Wednesday, October 17, 2012

The magnifying glass of youth

Everything seemed more intense when we were young. The joys and highs were so much more extreme and great, the pain and lows seemed like a bottomless pit from which we would never recover.

The excitement of accomplishment; hitting a grand slam, dunking a basketball, catching a big fish or crab. Relationships lifted us to new heights; holding hands and kissing a girl for the first time, writing her name all over my notebook. There was genuine wonder in our life when we looked at the stars, got close to a wild animal or peered over a cliff.

Life was carefree and we felt like everything was going to turn out great. Yes we made mistakes, but we could recover – or so I thought.

I was playing “astronaut” in the backyard with my friend Dante. I had a toy Mercury space capsule that came inside a box of Matey (a kid’s bubble bath that claimed to “soak children clean automatically” through a lethal combination of bubbles and chemicals – which is the subject of an entirely separate blog.)

Anyway, my mom had left the house to pick up some groceries while we were shooting this thing high up into orbit. Flinging it as high as our pre-pubescent bodies would allow, we then employed our highly advanced math calculating abilities to guess where we could catch it for a mid-air recovery before crashing to the ground. We were having a lot of fun with this three-cent toy when the wind carried it onto the roof and it got stuck in the gutter.

Not wanting to stop having so much fun; I was determined to solve this problem. My dad’s ladder was too heavy to move even with Dante’s help, so I came up with a very creative solution. Running into the house and racing upstairs to my room, I slid a chair over to the window and opened it. Carefully unlocking the screen, I slid it up and crawled onto the roof. Moving slowly to the toy capsule, I reached into the gutter and threw it down to Dante. We both breathed a sigh of relief that the toy was recovered safe and sound.

The simple solution would be to crawl back to the window and let myself back in. I knew how to get out so getting back in should be simple. But in a moment of what seemed like clarity at the time, the window option seemed like a lot of trouble while the ground below didn't look all that far away. I mean after all, how much trouble could I get into if I just gradually let myself off the roof and gently landed on the ground?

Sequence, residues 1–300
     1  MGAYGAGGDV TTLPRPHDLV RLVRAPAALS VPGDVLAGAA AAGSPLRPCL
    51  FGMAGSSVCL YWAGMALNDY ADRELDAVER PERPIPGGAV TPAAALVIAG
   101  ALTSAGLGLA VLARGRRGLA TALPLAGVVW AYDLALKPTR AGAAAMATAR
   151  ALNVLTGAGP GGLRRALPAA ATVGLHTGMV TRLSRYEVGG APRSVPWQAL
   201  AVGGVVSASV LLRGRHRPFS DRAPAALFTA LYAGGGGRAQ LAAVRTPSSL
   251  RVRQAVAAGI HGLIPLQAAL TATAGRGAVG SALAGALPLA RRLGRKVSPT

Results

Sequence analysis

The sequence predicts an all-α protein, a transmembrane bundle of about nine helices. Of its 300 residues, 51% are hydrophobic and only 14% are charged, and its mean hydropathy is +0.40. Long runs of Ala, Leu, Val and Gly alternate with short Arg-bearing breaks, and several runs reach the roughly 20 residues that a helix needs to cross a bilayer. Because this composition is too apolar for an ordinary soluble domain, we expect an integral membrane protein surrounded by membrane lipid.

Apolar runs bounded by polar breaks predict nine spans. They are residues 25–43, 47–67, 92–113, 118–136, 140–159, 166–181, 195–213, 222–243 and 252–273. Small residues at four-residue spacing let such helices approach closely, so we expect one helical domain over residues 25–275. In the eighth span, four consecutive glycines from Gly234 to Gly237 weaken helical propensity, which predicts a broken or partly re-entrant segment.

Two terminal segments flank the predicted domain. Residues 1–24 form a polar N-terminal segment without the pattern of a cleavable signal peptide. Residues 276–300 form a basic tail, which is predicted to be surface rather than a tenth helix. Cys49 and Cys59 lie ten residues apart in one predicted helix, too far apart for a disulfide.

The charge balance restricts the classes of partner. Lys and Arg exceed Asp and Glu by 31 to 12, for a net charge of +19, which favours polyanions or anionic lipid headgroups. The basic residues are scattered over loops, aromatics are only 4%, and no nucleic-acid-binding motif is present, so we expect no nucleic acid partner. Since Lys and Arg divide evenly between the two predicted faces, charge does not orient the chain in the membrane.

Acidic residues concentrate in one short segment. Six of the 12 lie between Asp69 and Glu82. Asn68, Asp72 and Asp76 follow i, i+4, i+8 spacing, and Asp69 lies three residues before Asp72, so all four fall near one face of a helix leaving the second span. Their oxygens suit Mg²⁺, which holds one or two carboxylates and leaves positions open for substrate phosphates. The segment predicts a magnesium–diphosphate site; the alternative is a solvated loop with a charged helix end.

Dante offered his heartfelt encouragement in this “direct approach” saying that it wasn't all that high to begin with. So, armed with this new found insight I began the process of slipping over the edge of the roof. I put one leg over, then the other while hanging onto the gutter. I was now fully outstretched, dangling in the wind by both hands. Thinking to myself, “See, this wasn't so bad” I let go and dropped ever so gently to the ground. By ever so gently I mean that I fell like a sack of potatoes, a boat anchor, a cinder-block.

My head was spinning and it took a little while for me to come to my senses after impact. I came to realize two very important things while lying on the ground;

First – Looking up, I could see that all the blood had drained out of Dante’s face as he screamed, “What in the world were you thinking?” His face was only a momentary image followed by watching his back as he ran home, thinking that my insanity that drove me to jump off the roof was somehow contagious.

Second – there was a new, searing pain in my right hip that wasn't there a moment ago. I wondered where that had come from as I got up and hobbled into the house. Collapsing into my dad’s TV chair, I stretched out and fell asleep.

I've come to realize that while this was the genesis of my hip problems, it taught me an important life lesson. Yes, this “giant leap for mankind” eventually led to my hip replacement surgery years later. But it was more than that; it was my personal wake-up call that life for people, even for kids like me, included pain.

While I never jumped off a roof again, more pain came flooding into my life. As it came, I went looking for comfort and relief. Finding none, I retreated into myself and built an impenetrable wall. No one was going to hurt me, I wouldn't let them.

Looking back at my childhood pain, I now see that I needed to connect with my creator and God. This is why Jesus said “"Let the children come to me. Don't stop them! For the Kingdom of Heaven belongs to those who are like these children" [1].

Jesus reaches out to children even today, wanting them to come. His arms are open wide to comfort, protect and bless. We may think that this is OK for children to reach out to Jesus, but it’s not for us adults. After all, we’re self-sufficient; we can take care of ourselves.

Oh really? Just look at the people all around us, the broken landscape of humanity that cries out in pain from brokenness, fear and loneliness. Perhaps you see this every day in the mirror?

As Jesus calls for little children, he calls for you and me. While a little bit older, we are his children none-the-less. He is the only one that can comfort our hurts and brokenness.

He’s right there beside you. Now is the time to reach out and ask him. We don’t need to jump off a roof to find Jesus.

Blessings – Chet

Chet Gladkowski speaks and writes on topics that touch on culture, life and faith. This article is taken from a chapter in his upcoming book.

[1] Matthew 19:14

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